Within this post I would like to share some insights on “Journalists Views and Usage of Social Media”. I found two great pieces explaining this.
The study offers some interesting key findings:
- Canadian journalists rank highest in our Social Journalism Barometer 2012; they use social media the most, the tools are most embedded in their professional practices and their perceived knowledge is the highest;
- Swedish journalists have the most positive views about the impacts of social media on their profession, while Australian journalists are the most concerned about these effects;
- The use of microblogs, such as Twitter, is highest in Canada (79.9%) and the UK (79.4%) and lowest in Germany (46%), while professional social networking sites, such as LinkedIn, are the most popular among journalists in the US (85.8%) and least in Finland (43.3%);
- The study found five profile groups of professional social media users. These profiles, which are present in all surveyed countries, differ in terms of patterns of use, knowledge, purposes of use and attitudes:
- Architects are the movers and shakers of the professional social media world;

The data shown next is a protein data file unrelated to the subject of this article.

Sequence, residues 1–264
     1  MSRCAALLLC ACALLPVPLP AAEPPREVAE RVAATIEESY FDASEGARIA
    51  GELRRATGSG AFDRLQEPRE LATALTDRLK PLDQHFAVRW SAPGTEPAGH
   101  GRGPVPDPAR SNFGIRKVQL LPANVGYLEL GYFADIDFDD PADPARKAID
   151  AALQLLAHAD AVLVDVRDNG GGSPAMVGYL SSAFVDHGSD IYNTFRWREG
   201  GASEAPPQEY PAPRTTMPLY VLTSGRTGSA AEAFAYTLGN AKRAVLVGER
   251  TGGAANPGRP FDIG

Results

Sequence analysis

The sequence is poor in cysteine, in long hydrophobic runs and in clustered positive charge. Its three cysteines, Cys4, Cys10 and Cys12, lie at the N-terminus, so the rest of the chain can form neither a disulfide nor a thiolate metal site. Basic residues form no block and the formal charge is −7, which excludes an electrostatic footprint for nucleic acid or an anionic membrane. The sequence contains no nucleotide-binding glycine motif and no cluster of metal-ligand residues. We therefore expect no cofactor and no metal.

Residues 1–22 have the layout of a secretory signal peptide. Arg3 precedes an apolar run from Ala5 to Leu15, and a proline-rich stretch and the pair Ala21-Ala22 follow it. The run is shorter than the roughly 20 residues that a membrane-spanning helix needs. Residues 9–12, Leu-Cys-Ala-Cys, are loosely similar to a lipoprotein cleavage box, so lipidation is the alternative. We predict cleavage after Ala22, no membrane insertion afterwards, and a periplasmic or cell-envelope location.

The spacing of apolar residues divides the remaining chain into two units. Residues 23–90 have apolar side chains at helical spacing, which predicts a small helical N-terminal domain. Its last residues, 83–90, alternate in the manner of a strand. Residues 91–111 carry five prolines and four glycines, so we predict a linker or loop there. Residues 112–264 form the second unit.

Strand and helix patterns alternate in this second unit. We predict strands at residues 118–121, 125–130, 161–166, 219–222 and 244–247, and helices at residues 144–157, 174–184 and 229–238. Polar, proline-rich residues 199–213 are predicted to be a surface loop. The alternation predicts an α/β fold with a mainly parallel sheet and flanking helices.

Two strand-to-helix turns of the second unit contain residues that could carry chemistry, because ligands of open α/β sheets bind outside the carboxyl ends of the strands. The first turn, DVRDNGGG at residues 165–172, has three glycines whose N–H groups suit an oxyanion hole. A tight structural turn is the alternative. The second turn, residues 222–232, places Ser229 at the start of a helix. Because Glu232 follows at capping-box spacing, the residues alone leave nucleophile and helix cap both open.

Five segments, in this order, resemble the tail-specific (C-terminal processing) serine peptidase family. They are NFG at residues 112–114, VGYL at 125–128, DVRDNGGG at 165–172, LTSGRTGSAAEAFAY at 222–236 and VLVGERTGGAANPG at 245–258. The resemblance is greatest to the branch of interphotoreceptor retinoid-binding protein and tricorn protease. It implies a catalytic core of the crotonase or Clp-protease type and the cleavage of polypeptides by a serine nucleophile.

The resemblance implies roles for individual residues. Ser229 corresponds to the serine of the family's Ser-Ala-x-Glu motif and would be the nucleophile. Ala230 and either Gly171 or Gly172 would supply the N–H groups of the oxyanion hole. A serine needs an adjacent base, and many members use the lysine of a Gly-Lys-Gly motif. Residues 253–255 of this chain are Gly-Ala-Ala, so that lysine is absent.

- Promoters are heavy users focusing mainly on disseminating and advocating their work;
- Hunters are medium level users who are keen networkers and use social media for sourcing information as well as finding contacts;
- Observers are lighter users who are not keen contributors in the social media world but do use the tools to find information and monitor what‘s going on;
- Sceptics are low users who have generally negative attitudes towards the use and the impacts of social media.
- Breakdown of profile groups vary from country to country; the highest percentage of Architects are in Australia and Canada, Finland has the most Hunters, US the most Promoters, Sweden the most Sceptics and Germany the most Observers;
- Age is an important influencing factor on social media use and attitudes; Younger (18-27) journalists use social media more and they have a more positive outlook on these tools compared to their more senior counterparts (46+). The former group is more likely to be an Architect or Promoter, while older journalists are much more likely to be Sceptic.
- Media sector is another factor affecting social media uses and attitudes. Not surprisingly, online journalists use more social media than print journalists, and they also have higher levels of knowledge. Broadcast journalists in many countries are also among the highest users of social media, particularly of microblogging.
- Using Forrester Social Technographics® segmentation model as a comparison, this study revealed that journalists are much more active social media users compared to the general population making them social media champions within society
You can download the entire study by clicking here or the link below…and also check out the corresponding infographic at the very bottom of the post.